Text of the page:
Restoration and Repair

Masonry restoration and repair requires an ability to adapt to a variety of existing masonry conditions and strike a balance  between a structure's overall repair needs with the owner's budget.  Every situation is different and therefore a great depth of experience is necessary to analyze the existing conditions and determine a practical approach that considers the long term health of the structure as well as the short term issues such as water penetration, structural damage, and inevitably; budget.  

 

Lime Mortar

Most masonry structures built before 1920 were built using clay brick and lime mortar.  This method of construction has certainly stood the test of time but failing to understand the role lime mortar plays in solid masonry construction could result in repairs that do more harm than good.     
 

The lime mortar joints in this wall built in 1639, (right) still have visible pieces of oyster shell, unmixed lime, slag, and river sand.    

​​​More than half of the mortar joints shown in this picture, (above) have been repointed using lime mortar.  The mortar joints have been repointed in a way that reduces the contrast between the repairs and the surrounding mortar joints. 

 

Restoration and repair of older masonry buildings requires an understanding of how lime mortar differs from modern masonry cement.  Modern masonry is built using cavity wall construction which is designed to prevent penetrating water from reaching interior walls.  Solid masonry walls rely on the permeability of lime mortar to allow evaporation of penetrating water and water absorbed by porous clay brick.  Modern cement is made using Portland cement which is a non permeable material that is incompatible with solid masonry built with lime mortar.  Many problems can occur when Portland cement is used to repair walls that were built with lime mortar because water is not able to evaporate properly and often evaporates to interior walls causing damage to finishes.  Portland cement is also a much more rigid material that doesn't allow mortar joints to flex when saturated brick go through expansion and contraction during freeze thaw cycles.  Without no cushion to expand to expand at the edges, the face of the brick does more of the expanding and contracting which eventually causes the face of the brick to spall and crack.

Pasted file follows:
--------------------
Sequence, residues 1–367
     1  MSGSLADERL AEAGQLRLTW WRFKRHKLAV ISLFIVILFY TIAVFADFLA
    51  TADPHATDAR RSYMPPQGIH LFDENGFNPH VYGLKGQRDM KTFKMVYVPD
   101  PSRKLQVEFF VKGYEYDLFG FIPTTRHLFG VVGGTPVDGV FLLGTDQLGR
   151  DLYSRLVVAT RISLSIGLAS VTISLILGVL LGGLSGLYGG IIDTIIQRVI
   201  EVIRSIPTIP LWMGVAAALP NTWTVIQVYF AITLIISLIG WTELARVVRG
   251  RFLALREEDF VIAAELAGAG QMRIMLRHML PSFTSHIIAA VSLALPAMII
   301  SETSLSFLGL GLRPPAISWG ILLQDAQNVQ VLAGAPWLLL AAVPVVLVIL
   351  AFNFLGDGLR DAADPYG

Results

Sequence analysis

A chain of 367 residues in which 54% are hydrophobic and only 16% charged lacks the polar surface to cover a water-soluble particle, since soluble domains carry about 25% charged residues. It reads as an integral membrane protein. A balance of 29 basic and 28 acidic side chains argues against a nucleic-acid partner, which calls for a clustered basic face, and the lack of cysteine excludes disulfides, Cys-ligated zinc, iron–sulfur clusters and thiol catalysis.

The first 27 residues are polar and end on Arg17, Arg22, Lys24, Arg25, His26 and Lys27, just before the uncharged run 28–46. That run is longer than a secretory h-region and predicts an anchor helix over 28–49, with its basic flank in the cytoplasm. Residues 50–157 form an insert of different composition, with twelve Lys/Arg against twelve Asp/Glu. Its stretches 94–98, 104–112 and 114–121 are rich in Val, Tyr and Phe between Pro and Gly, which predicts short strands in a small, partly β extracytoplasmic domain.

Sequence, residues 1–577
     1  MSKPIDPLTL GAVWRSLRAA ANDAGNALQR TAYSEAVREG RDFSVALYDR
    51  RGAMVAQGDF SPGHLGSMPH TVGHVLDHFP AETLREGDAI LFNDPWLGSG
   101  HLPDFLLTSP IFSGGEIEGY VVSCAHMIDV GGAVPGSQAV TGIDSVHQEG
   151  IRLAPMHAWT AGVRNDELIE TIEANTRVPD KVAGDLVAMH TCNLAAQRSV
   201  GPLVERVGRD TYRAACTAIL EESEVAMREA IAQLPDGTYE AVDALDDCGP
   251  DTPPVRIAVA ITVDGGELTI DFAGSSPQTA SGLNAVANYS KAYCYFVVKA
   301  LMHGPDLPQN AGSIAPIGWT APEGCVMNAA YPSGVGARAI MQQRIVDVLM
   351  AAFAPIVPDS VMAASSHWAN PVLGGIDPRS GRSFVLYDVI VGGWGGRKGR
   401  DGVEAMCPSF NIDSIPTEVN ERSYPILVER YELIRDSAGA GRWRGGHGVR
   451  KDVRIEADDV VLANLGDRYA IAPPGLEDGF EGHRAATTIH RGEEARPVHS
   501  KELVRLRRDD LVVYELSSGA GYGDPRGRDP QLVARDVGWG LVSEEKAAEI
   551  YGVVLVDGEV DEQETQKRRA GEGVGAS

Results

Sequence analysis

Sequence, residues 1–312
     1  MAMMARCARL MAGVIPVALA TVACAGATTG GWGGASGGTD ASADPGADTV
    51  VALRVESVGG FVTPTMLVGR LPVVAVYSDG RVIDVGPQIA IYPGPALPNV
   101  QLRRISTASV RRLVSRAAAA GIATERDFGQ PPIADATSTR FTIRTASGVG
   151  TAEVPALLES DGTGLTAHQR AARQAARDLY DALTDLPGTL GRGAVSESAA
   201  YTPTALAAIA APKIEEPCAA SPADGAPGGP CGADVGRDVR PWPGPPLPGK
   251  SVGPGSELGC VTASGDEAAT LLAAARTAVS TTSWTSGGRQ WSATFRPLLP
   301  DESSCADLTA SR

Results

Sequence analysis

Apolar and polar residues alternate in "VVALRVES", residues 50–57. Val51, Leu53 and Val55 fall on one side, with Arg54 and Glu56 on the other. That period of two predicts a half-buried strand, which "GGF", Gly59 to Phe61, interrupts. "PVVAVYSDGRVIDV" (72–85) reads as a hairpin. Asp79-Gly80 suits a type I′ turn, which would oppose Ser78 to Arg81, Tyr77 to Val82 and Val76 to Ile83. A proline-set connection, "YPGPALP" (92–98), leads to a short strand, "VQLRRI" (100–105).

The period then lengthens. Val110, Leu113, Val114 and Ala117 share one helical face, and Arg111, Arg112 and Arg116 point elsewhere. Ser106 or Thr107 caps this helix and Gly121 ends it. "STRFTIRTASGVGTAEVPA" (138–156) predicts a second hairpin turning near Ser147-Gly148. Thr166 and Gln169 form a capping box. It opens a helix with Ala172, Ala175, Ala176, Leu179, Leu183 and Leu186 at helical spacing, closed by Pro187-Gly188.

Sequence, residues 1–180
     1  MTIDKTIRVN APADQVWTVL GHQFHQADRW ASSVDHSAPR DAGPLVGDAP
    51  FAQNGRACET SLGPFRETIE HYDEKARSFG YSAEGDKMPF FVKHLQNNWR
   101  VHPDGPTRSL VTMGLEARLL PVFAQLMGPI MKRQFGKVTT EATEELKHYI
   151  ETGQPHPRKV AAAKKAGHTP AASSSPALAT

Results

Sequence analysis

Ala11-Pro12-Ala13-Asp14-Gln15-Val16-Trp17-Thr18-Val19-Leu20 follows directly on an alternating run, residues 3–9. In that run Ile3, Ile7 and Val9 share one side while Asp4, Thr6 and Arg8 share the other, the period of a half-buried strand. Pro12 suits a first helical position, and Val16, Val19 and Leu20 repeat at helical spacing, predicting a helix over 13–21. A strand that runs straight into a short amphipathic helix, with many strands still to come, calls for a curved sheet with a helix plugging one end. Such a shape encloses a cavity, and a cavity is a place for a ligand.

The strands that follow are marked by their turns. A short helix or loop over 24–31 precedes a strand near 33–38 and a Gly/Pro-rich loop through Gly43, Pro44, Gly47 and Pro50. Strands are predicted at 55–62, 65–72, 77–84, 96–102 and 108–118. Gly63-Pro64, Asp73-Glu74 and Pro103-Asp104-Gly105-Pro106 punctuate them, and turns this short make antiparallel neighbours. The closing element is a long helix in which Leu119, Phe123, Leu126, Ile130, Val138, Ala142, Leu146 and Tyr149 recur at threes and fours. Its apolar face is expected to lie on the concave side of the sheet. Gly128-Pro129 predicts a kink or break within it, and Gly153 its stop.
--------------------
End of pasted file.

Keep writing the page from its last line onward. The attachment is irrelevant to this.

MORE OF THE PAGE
Bad Repairs

Repairing masonry is not just about filling cracks with mortar.  Many of our projects involve modern buildings that have to be repaired due to things like settlement cracks or even damage done by vehicles.  Understanding the structural implications of every repair is important but the way the repair is finished can ruin the appearance of any structure.  In some cases the selection of the wrong mortar colors combined with poor workmanship is so bad that any attempt to remove these bad repairs will do more damage to the brick or stone.  

The following pictures are examples of bad workmanship being transformed into a finished product that blends with the surrounding masonry.

These pictures help to make the case that masonry repair and restoration has to consider more than just the structural function of the repair.  Our repairs are done with great emphasis on the appearance.  This sometimes involves fabricating new tools for striking, tinting mortar colors, brushing methods, moisture control, special aggregates, and shadowing techniques.​  It is not always possible to make a repair disappear as though it was never there, but the goal is to create as little contrast as possible between the restored masonry and the surrounding masonry.